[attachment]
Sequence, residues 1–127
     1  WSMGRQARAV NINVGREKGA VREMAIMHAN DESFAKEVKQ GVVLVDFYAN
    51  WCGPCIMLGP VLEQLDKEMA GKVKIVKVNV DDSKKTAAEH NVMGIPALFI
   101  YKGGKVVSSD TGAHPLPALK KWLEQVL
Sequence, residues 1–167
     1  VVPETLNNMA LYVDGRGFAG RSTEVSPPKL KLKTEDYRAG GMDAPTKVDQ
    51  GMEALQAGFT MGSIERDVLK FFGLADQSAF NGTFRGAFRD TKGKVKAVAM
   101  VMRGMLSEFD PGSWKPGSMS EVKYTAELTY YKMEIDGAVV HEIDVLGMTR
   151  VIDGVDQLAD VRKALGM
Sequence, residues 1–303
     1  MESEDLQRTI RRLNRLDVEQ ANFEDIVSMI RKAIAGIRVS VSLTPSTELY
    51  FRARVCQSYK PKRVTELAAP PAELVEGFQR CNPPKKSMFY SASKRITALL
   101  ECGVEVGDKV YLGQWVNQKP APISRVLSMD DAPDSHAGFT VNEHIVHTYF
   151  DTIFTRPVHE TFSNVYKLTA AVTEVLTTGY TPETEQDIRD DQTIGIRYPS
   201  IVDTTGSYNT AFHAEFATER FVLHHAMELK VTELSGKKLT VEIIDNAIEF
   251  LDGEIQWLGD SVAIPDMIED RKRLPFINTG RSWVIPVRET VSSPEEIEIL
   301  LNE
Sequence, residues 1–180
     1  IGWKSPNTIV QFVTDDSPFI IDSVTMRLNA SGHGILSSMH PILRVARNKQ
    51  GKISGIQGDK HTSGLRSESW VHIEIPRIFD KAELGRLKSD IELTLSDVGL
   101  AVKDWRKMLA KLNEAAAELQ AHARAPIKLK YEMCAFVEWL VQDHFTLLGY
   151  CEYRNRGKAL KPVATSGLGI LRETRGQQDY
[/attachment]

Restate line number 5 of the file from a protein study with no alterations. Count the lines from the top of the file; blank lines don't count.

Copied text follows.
Sequence, residues 1–167